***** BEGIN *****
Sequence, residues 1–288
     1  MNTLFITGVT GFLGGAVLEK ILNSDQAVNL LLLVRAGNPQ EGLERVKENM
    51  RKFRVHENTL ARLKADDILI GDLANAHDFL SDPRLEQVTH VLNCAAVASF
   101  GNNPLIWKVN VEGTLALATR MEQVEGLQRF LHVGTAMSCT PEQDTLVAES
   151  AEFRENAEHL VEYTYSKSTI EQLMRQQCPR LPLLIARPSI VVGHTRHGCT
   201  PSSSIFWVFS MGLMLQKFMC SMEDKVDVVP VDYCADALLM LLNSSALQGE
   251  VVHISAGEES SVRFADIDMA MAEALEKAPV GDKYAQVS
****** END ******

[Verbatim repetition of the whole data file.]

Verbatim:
Sequence, residues 1–288
     1  MNTLFITGVT GFLGGAVLEK ILNSDQAVNL LLLVRAGNPQ EGLERVKENM
    51  RKFRVHENTL ARLKADDILI GDLANAHDFL SDPRLEQVTH VLNCAAVASF
   101  GNNPLIWKVN VEGTLALATR MEQVEGLQRF LHVGTAMSCT PEQDTLVAES
   151  AEFRENAEHL VEYTYSKSTI EQLMRQQCPR LPLLIARPSI VVGHTRHGCT
   201  PSSSIFWVFS MGLMLQKFMC SMEDKVDVVP VDYCADALLM LLNSSALQGE
   251  VVHISAGEES SVRFADIDMA MAEALEKAPV GDKYAQVS